Berlin is a place that exists like New York did in the 70s and 80s. It's raw. It's cheap. It's active. People don't talk about making things here -- they make them. There's a spirit of sharing -- from the biggest State theatre to the lowest "free" theatre group. The social contract has connected the people to the community and invited them to share in the dialogue. And it's happening. Gabriella is right that it is a lifestyle-- just as Italy is a lifestyle -- but both push the boundaries of our humanity by inviting sharing and togetherness (Italians around a table with food, Germans around the beer stein with philosophy and ideas). There isn't an innate need to "generate and replicate" work as there is in New York/America's consumeristic view; instead, the work's core is fed with a desire to ask difficult questions that have no answers. And who risk failure because the outcome is not nearly as dire economically here. As a matter of fact, government funding is handed out BASED on the willingness to explore and fail, rather than our Producer driven model where innovation is shunned simply because it's "unknown" factor.

I applaud Gabriella for her desire to stay in New York and continue engaging in the dialogue, and here I amplify her point -- DO SOMETHING. Get out and make it happen. Fight those who will take away our voices simply by holding back the dollars it takes to make our work. MAKE IT. Stand up and protest the State and Federal funds that are going to get cut! And when they get cut anyway, take to the streets and make MORE art. Do it for nothing! Do it with paint! Or sound! Or movement! But DO it.

And if you find that economic times have you down and you can't even find a way to do it anymore -- come to a place where money and space are not your daily concerns, and audiences are more angry if there isn't something that motivates them to find new ways to view the world around them.


Jake Witlen is a theatre/video director based between Brooklyn and Berlin. He is a founding member of The Internationalists, a collective of directors from around the world, dedicated to creating an open, sustainable and more interactive global theatre. Their work has been seen online in over 61 countries, and been presented live in New York, London, Paris, Berlin and Sydney. Last year, Jake directed a production of Around the World with live performances between New York and Berlin that was chosen by Zitty magazine as a top pick of 2010. In the US he has directed new work by Adam Rapp (Williamstown), Eric Pfeffinger (Actors Theatre of Louisville), Joy Tomasko (Around the World/Odyssey projects), Eric Sanders (Brick, Ohio), and designed video for productions at 3-Legged Dog, HERE, PS122 etc.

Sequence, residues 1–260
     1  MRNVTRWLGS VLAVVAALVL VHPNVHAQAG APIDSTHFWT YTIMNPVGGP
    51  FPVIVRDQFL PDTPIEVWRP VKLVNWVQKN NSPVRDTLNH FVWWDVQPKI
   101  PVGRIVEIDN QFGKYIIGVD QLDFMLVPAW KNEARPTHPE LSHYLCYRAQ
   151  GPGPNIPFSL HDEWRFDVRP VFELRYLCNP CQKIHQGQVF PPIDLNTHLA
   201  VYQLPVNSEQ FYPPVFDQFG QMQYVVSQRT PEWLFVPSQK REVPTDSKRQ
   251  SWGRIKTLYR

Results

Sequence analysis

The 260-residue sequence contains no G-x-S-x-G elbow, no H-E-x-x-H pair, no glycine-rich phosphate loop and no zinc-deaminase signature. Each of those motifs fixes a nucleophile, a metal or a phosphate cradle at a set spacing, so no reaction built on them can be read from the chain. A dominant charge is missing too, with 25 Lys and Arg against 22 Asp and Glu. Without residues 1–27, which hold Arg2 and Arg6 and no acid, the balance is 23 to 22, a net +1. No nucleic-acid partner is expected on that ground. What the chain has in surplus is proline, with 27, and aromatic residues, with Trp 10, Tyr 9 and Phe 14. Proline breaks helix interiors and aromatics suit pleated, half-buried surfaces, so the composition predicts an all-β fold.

Tuesday, March 8, 2011

Why work in theater in the United States?


Contributed by Gabriella Barnstone

Here is a common phrase uttered by New York dancers and choreographers: "I'm moving to Europe where I can make money as a dancer/choreographer." Or, "I'm moving to Europe when I'm older where I can still survive as an artist." This must make perfect sense for them, and I am happy for them. However, for me personally, there lies a deep importance to staying in the US and blazing your own trail in art making; particularly sustaining yourself as an artist, and finding a way to make art when you are "older." I write this on the upcoming dawn of my 40th birthday.

I have been living in New York for somewhere around 15 years (after 12 years I stopped counting). Some of this time has been spent making dance theater, and much of this time has been spent figuring out how to pay the bills, and still make dance theater. This is hard. And yet I have stayed here, without the pull of dropping everything and going to Europe where there seems to be more funding, or at least more support, or something. The truth is that we U.S. artists don't really know if life for a person making theater in Europe is better.

For a time I lived in Italy, befriended many theater artists there and noticed that they did not seem so tortured. This, I think, has more to do with the culture than anything else. I also witnessed my Italian choreographer friend say once when visiting me here, "New York is so inspiring everywhere you turn. I am a choreographer, so to be inspired by a city is the best thing for me." I was jealous of her lifestyle at the time, so to hear her say that surprised me, and made me feel proud. And I knew what she meant. We've all heard people who don't live in New York say, "How can you do it?" My Italian friend's statement lends the answer.

I have also heard theater makers in Europe say that with the support from the government, there is a loss of creative control. William Forsythe started his own company, all with private funding, for this very reason. Jon Stewart said a similar thing on his show when asked why he does not move from Comedy Central to the Tonight Show. Do not mistake me. This entire blog is not meant to be in favor of artists making no money; quite the contrary. I believe it is important to make theater in a country that does not value it so much, precisely so that we can show people how to value it. In producing my own work, I have started very small-- from taking money out of credit cards (I don't recommend this) to currently having the good fortune to have received a commission for my most recent work. Along the way, I have always tried to run my shows as professionally as possibly, no matter how much money we were all getting. This, so that we as theater artists can set a standard, and hope that people outside our circle will learn by example. If we raise the bar by demonstrating our standards of living as theater artists, hopefully people in our community will recognize this, and in turn this recognition may spread to other industries that can find ways to help us meet these standards in practical ways. I don't expect this to happen over night. I expect it to take some time. Let's get the ball rolling.